Writer Wordart

Writer Wordart (Photo credit: MarkGregory007)

It occurs to me after reading yet another scalding blog post by another author who is upset by the current state of the publishing industry, that we as a whole of writers need to stop engaging in the ‘who’s on the right or left side of the fence’ argument.

I know that we all get emotional and heated up and mad. It keeps the fire burning. It fuels the “I’ll show them!” mentality on both sides. By my god, this topic is OLD. And frustrating. And Petty.

So why, why are we still talking about it? Why are we still reading scathing posts that are meant to infuriate?

You wanna go Trad? GO TRAD!

You wanna go Indie? GO INDIE!

Who cares? Other than you, the author, it’s no one’s concern. No one’s business. People will always judge. Fact of life.

Your choices in publishing don’t need to be defended. Nor should anyone’s choices be ridiculed.

So let’s all shut up about who’s wrong and who’s right. Not all trad books are glazed in gold and not all indie books suck. Stop drawing an imaginary line in the imaginary sands of no where land. It doesn’t exist. Stop with the professional vs. amateur argument about indies ‘settling’ for second best because it’s all they could get vs. trads clinging to their sinking ship waving their credentials high above their heads.

Readers don’t care. This is a writers argument.

Readers want good stories. That’s it.

Self-pubbed, trad-pubbed. They don’t care.

Writers need to write good books and channel them in whatever direction they choose. Fact is, some writers are control freaks and the thought of giving up rights throws them into a backward tail spin. Others cannot fathom the idea of going it alone. They want the support that trad publishers provide.  There is no right choice. There is no wrong choice.

Are we all really going through the headaches of creating worlds and characters and plot lines to turn around and waste our precious time and energy demeaning other writers for the choices they make regarding how to publish? Really? That train of thought boils down to envy, jealousy… and FEAR. Let it go.

Write good books and leave the complaints at home. Spill them out there. To your dog. Or your cat. We are all wasting time yapping and pointing fingers. Not to mention making asses out of ourselves.

Our little blogosphere of writers here online—it’s not so small. We have a world-wide reach and those who are always gripping make the lot of us look bad.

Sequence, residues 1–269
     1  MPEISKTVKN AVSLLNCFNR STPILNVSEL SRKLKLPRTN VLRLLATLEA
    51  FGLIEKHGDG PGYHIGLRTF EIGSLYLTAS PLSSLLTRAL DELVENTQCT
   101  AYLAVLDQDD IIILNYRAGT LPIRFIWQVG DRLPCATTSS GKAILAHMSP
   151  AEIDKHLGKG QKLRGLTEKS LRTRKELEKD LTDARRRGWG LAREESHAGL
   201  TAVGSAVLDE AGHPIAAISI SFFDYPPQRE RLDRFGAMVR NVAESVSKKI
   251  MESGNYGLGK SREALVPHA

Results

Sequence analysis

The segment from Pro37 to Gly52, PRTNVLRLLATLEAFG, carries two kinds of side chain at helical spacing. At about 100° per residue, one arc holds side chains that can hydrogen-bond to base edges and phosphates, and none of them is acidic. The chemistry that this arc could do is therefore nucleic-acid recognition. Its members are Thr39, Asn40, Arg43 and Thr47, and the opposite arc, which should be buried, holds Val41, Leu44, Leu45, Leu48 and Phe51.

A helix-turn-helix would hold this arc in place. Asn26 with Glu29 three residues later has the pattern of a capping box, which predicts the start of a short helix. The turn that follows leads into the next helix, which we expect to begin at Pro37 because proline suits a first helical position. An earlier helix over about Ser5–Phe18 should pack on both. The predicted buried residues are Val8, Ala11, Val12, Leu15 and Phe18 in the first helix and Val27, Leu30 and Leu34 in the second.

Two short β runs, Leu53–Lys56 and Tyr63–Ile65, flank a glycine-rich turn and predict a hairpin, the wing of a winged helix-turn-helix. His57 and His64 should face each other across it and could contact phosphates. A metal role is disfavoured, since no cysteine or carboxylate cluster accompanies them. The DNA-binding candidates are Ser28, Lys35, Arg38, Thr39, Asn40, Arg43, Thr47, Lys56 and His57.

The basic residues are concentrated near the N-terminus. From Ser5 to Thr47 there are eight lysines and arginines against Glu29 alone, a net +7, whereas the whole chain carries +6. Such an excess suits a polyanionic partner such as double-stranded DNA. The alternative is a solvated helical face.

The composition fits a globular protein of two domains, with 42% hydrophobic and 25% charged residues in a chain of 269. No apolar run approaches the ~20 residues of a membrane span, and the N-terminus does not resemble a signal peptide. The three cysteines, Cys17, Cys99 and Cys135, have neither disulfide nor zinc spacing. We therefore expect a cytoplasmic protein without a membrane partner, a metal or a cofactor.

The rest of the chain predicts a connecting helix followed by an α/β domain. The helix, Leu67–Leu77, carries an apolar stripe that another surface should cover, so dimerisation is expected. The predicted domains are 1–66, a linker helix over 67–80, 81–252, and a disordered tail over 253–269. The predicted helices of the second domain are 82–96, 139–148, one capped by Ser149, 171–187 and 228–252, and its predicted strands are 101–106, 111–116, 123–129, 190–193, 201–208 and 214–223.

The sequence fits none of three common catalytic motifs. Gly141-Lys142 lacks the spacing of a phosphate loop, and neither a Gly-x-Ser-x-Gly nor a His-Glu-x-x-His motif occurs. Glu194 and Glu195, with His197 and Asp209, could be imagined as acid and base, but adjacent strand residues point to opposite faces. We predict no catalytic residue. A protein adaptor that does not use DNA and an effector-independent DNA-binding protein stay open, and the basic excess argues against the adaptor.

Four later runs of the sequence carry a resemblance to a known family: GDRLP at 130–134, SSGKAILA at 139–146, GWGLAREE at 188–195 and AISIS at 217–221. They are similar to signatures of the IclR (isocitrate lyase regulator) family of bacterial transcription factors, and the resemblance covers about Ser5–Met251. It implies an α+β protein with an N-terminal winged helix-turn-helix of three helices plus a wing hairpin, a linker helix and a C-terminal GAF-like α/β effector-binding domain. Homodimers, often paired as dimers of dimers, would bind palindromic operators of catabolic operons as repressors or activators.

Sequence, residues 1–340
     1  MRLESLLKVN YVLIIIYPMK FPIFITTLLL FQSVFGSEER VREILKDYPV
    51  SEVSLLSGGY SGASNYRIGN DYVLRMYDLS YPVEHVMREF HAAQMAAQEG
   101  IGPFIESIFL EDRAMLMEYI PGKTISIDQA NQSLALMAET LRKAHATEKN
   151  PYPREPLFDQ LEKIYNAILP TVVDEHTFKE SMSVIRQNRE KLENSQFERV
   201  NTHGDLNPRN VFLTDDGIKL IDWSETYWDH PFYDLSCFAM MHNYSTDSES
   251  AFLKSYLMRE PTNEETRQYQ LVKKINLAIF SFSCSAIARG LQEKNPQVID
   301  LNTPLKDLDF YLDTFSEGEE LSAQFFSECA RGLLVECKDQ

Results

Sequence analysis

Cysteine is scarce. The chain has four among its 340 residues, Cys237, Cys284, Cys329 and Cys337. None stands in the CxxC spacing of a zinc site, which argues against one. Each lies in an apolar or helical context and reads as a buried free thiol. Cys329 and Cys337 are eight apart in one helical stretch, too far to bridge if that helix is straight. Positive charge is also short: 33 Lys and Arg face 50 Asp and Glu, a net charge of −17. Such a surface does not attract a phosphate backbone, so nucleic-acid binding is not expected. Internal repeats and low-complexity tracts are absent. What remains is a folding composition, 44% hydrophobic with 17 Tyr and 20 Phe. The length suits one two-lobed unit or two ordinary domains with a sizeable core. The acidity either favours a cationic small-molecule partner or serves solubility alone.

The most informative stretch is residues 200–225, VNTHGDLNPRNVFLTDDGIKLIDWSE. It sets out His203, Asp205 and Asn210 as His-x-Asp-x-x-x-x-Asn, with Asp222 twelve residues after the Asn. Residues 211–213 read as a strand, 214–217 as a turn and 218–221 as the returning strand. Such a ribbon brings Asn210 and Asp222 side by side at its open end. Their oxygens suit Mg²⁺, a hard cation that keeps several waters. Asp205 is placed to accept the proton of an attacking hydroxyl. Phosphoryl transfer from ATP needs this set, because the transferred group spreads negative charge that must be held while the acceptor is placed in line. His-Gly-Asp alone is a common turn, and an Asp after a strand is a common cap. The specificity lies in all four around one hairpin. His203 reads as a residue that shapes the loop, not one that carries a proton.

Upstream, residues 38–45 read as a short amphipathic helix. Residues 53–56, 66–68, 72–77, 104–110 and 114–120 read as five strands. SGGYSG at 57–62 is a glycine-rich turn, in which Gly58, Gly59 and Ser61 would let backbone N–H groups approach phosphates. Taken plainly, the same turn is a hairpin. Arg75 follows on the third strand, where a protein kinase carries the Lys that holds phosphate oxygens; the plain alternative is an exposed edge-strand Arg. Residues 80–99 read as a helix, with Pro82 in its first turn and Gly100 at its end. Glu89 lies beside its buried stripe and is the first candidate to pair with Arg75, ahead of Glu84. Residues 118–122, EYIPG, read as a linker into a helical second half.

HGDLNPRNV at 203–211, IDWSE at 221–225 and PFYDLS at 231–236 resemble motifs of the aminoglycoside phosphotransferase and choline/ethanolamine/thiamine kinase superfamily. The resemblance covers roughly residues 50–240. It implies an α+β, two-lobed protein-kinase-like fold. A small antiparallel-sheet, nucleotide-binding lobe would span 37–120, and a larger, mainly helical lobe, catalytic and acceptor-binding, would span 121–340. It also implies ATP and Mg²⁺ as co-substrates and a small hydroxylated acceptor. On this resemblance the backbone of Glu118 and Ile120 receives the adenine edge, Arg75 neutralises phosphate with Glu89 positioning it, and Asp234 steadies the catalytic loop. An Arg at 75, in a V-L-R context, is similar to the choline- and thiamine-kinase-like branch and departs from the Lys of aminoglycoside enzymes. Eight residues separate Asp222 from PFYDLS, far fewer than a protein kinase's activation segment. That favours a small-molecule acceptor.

Good day my fellow writers. Write On. Publish On. And remember the wise words of Author Chuck Wendig, “Try not to suck.”


It’s Never Too Late…

“It’s never too late to be who you might have been.”

~ George Eliot

Eliot

Eliot (Photo credit: Wikipedia)

English novelist Mary Anne Evans, known by her pen name George Eliot.


My Music Monday

Going back in time to my all time fave band, The Cure, for a little easy writing music this Monday. Enjoy.

English: The Cure performing in Singapore.

English: The Cure performing in Singapore. (Photo credit: Wikipedia)


Still Focused On The Quantity? Quality Is Where It’s At.

Numbers, numbers, numbers. Are they your social media goal? Build higher numbers (fans, followers) and hope they equate to higher book sales?

Friendship.

Friendship. (Photo credit: Wikipedia)

I’m raising my kids by a few beliefs I hold true. One of the biggest: Quality over Quantity. Every time. For my kids I relate it to friendships. A few real friends trump a lot of fake ones.

Social media is no different. It isn’t about the numbers, it’s about the connections. I believe a lot of writers have become too focused on the wrong side of the coin. Stats.

Now I’m not going to sit here and tell anyone that I’m miss social. I’m the opposite of that. So it’s difficult for me to reach out to everyone who friends or follows me. But I always reach back to the ones who speak up and draw me out. And to those people, I am extremely thankful.

And here in lies my point. Connections equal friendships. And friendships reward us as writers and as people.

I make it a point to support the friends I’ve made online. I shout out to them on Twitter, I retweet their tweets,  and support their books. I don’t do it because I feel I have to as part of my daily social media routine. I do it because I want to. And it’s reciprocal. It feeds those quality connections and comes back to me as a reward. It’s karmic.